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Coal|Energy|Power|SECURITY
Coal|Energy|Power|SECURITY
coal|energy|power|security

Coal’s peak is here, but demise of dirtiest fuel will be slow

Coal stockpiles

Photo by Bloomberg

18th December 2023

By: Bloomberg

  

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Global efforts to boost clean energy and rein in carbon emissions have had a clear impact on coal: consumption of the dirtiest fossil fuel is expected to peak this year.

Total consumption of coal will reach a record high of more than 8.5-billion metric tons this year, and then start a long, slow decline, according to the International Energy Agency. Demand is expected to slide to 8.3-billion tons by 2026, the agency said in its Coal 2023 report issued Friday.

“The turning point for coal is clearly on the horizon,” Keisuke Sadamori, the IEA’s director for energy markets and security, said in a briefing.

Coal remains the world’s biggest source of electricity, but surging installations of renewables are outpacing rising demand for power. While the planet remains under dire threat from climate change, moving away from coal will be a critical part of the global fight to reduce carbon emissions.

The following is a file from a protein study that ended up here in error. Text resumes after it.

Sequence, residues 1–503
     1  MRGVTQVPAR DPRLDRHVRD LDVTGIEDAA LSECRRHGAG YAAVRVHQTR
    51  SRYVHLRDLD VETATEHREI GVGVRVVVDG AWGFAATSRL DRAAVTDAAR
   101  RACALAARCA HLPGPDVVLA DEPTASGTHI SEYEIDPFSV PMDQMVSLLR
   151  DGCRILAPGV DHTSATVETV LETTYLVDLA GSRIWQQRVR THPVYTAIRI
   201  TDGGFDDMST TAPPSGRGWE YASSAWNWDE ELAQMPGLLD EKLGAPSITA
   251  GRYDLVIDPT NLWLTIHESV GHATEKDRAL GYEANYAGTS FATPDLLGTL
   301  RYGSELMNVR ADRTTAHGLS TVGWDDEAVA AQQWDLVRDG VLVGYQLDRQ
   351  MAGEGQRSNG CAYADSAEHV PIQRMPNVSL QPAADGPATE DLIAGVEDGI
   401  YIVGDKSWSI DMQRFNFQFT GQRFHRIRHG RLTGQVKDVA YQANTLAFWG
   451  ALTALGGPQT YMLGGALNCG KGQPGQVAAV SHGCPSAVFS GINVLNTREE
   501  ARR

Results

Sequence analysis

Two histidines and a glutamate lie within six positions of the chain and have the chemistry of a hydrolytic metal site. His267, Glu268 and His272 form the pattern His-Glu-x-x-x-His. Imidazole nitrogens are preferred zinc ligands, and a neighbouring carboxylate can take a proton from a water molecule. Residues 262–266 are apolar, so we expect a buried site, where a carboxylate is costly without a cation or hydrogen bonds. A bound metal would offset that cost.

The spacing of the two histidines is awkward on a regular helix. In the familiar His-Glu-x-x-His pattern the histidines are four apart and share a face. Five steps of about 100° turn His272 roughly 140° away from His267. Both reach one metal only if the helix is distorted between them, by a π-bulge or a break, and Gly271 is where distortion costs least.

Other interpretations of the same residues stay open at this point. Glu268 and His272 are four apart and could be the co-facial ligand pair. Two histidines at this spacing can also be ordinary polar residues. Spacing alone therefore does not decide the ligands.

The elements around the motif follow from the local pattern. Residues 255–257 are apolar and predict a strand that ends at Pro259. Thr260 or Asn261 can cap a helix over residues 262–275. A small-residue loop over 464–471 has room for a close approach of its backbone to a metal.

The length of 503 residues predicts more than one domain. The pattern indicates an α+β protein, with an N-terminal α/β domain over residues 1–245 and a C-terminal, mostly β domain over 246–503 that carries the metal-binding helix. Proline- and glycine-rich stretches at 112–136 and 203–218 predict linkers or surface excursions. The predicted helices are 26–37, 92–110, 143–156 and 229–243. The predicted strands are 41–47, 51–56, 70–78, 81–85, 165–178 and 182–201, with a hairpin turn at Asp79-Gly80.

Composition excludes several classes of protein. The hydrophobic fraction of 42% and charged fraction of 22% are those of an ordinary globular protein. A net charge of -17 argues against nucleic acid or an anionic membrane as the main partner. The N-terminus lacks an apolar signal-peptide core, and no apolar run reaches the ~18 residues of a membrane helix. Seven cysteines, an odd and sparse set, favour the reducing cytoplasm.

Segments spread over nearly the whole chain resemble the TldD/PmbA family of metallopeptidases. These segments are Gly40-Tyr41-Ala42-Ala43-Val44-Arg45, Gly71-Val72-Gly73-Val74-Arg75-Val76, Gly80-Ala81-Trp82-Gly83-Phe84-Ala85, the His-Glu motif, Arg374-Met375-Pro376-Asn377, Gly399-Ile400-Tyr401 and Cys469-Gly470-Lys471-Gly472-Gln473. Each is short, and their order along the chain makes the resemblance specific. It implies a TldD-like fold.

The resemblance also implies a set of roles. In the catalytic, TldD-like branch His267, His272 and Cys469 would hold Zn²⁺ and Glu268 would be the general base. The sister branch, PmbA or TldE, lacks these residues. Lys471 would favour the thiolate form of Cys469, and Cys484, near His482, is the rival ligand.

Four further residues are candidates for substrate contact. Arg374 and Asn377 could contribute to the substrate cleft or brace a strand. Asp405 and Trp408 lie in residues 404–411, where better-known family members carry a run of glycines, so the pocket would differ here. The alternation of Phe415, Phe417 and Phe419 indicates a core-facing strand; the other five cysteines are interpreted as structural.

International climate negotiators struck an agreement to transition away from fossil fuels at the COP28 conference that ended this week in Dubai, marking a historic shift for the global energy mix.

The US and the European Union are driving the shift, with coal consumption set to slide in both regions by more than 20% from 2023 through 2026, according to the IEA report. However, demand in Asia is falling much more slowly. China uses more than half the world’s coal and will remain the key nation to watch; demand there is expected to slip 4.3% to 4.5-billion tons in 2026.

With demand waning, miners will slowly start to reduce output over the next several years. Total production is set to peak this year at 8.7-billion tons and will decline 4% to 8.4-billion tons in 2026.

Despite these trends, the world remains very unlikely to limit global warming to 1.5C, the level that would avert the most catastrophic effects of climate change. IEA officials cheered the progress in moving away from coal, but said more work is still needed.

“We need a massive acceleration in clean energy,” Sadamori said.

Edited by Bloomberg

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